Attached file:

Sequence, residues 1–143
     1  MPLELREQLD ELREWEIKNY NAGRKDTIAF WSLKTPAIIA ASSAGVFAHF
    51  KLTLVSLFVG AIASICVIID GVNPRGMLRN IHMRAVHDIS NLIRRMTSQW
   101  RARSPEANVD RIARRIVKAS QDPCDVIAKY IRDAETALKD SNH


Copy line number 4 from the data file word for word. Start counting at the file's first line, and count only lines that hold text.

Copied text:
   101  RARSPEANVD RIARRIVKAS QDPCDVIAKY IRDAETALKD SNH